His research papers have won the John DC Little best paper award (twice), the Frank Bass dissertation paper award (twice) and several other recognitions. He has received several teaching awards, some of which include the George Robbins Teaching Award and Marketing Teacher of the Year while he was at UCLA; Wharton Executive MBA Teaching Awards; Wharton Miller-Sherrerd Core Teaching Award, and the Indian School of Business Teaching Award. Professor Raju teaches the core marketing class and the pricing elective at Wharton.
Professor Z. John Zhang is a Professor of Marketing and Murrel J. Ades Professor at The Wharton School of the University of Pennsylvania. He earned a Bachelor’s degree in Engineering Automation and Philosophy of Science from Huazhong University of Science and Technology (China), a Ph.D. in History and Sociology of Science from the University of Pennsylvania, and also a Ph.D. in Economics from the University of Michigan.
Prior to joining Wharton in 2002, John taught pricing and marketing management at the Olin School of Business of Washington University in St. Louis for three years and at Columbia Business School for five years. In the past eight years, John has also taught pricing to over two thousand Chinese executives in Mandarin as part of Wharton’s executive education and other outreach and collaborative programs. He also won the 2003 EMBA Electives Teaching Award for teaching pricing to Wharton EMBAs.
John’s research focuses primarily on competitive pricing strategies, the design of pricing structures, and channel management. He has published many articles in top marketing and management journals on various pricing issues such as measuring consumer reservation prices, price-matching guarantees, couponing, rebates, targeted pricing, access service pricing, choice of price promotion vehicles, channel pricing, price wars, and the pricing implications of combative advertising. In recent years, he has also developed a keen interest in the movie and telecom industries. He has also published a number of articles in Chinese on pricing and retailing issues in China. He currently is collaborating with scholars in many countries to explore various pricing and channel issues in emerging markets and beyond. He won the 2001 John D.C. Little Best Paper Award and the 2001 Frank Bass Best Dissertation Award, along with his co-authors, for his contribution to the understanding of targeted pricing with imperfect targetability.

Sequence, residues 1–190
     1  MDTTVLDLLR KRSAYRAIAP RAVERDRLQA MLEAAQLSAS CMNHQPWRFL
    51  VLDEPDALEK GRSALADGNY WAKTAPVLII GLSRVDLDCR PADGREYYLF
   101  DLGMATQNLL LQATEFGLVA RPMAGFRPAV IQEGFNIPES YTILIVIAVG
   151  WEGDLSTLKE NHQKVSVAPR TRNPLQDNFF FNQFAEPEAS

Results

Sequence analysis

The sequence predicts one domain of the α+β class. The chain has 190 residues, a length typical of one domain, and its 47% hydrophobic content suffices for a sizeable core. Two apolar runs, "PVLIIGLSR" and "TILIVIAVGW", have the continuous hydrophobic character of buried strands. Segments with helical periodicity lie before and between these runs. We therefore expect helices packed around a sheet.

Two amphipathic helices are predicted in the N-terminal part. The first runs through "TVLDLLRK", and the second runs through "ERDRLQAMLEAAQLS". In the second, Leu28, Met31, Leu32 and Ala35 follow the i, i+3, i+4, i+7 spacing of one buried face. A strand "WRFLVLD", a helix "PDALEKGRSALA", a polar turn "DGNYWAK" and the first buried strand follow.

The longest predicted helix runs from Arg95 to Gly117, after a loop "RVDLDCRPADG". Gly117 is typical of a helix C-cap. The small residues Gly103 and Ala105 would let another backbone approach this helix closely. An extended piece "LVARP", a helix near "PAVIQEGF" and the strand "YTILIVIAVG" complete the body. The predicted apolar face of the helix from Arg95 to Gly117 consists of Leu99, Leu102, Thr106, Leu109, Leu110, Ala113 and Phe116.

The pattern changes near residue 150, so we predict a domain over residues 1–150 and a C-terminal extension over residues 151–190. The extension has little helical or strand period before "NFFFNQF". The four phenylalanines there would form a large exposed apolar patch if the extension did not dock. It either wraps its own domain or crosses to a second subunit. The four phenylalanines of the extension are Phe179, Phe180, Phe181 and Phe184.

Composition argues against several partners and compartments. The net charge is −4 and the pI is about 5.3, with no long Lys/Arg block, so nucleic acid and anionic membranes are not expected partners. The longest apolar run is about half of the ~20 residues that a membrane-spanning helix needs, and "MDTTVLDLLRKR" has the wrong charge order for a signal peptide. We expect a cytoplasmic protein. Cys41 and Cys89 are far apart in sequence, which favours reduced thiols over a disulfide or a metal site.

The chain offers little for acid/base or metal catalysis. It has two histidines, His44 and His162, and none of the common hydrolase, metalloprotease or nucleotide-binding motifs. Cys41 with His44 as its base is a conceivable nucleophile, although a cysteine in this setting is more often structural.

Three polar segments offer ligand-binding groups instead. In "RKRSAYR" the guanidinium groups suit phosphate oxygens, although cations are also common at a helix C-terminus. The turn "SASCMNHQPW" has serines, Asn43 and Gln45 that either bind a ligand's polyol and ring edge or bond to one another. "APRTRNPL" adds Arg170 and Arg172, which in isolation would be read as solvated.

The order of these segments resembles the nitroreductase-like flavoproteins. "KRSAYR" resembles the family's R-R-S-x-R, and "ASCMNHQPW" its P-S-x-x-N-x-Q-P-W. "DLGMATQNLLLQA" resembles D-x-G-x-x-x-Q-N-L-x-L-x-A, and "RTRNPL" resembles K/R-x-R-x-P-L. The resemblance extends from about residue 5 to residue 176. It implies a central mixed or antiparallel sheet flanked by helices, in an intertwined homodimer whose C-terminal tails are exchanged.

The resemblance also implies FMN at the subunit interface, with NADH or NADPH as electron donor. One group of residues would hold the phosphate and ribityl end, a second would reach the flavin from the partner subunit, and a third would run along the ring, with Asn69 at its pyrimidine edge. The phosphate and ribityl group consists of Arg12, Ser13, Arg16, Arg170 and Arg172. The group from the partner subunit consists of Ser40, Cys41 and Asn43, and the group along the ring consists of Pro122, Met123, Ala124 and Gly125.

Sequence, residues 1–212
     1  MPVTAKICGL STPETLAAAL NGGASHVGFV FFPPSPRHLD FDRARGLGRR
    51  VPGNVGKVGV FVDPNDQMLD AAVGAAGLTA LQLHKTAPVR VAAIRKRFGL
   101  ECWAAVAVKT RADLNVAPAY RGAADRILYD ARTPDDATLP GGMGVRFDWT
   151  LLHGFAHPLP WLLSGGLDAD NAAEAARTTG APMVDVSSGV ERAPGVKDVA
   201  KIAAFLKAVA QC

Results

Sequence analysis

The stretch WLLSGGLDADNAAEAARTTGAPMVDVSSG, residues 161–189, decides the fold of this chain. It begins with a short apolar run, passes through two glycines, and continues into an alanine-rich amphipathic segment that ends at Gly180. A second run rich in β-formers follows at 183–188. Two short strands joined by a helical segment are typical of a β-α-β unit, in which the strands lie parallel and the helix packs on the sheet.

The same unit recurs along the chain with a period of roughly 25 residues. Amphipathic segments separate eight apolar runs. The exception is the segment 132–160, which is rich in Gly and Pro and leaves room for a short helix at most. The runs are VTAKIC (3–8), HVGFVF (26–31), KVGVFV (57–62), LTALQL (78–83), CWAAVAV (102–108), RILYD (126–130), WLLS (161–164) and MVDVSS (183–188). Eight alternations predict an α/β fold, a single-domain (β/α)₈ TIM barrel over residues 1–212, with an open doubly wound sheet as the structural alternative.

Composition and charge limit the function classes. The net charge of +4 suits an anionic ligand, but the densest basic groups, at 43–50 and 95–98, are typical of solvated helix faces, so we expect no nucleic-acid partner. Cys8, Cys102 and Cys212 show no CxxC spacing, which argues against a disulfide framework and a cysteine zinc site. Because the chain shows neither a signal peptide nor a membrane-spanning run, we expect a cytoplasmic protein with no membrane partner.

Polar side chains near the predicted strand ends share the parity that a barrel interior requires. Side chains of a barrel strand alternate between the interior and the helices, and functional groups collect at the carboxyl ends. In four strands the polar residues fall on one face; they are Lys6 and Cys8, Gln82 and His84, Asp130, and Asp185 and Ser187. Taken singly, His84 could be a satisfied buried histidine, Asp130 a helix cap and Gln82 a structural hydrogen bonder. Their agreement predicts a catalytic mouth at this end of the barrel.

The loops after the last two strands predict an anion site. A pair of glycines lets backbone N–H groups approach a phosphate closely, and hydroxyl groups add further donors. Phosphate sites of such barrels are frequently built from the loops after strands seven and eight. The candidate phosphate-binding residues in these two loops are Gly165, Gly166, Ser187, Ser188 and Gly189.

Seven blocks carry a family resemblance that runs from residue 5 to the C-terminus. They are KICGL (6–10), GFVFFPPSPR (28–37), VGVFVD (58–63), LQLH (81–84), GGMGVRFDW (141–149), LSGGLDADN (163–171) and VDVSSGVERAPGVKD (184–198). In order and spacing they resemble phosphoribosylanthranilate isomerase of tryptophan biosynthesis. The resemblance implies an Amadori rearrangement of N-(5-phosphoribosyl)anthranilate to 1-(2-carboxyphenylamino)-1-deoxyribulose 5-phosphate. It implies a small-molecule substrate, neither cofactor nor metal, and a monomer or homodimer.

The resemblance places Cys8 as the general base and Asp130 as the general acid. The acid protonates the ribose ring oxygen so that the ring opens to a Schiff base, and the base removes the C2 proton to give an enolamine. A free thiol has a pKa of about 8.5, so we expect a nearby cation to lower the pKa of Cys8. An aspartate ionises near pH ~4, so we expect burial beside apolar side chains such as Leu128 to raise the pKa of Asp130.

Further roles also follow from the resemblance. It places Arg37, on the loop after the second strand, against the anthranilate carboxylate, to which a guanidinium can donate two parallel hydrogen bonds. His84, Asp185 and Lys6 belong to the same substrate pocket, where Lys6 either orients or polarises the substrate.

As part of his service to the marketing community, John serves as Associate Editor for Quantitative Economics and Marketing. He is also an area editor for Marketing Science and Management Science.
"Pricing innovation is not for the timid," conclude Jagmohan and Zhang (both, Wharton School, Univ. of Pennsylvania), "getting the pricing right is, in the end, both art and science." Nonetheless, they endeavor to broach the subject with an accessible range of modern price-setting techniques. Smart Pricing is at its best in consolidating "the art" of inventive price discrimination, assembling best practices from different companies across industries. Smart Pricing does provide an adequate, instructive primer on less conventional approaches to price decision making. Summing Up: Recommended. General readers; undergraduate students at all levels; professionals. -- S. M. Mohammed, SUNY Fredonia. Reprinted with permission from CHOICE, copyright by the American Library Association.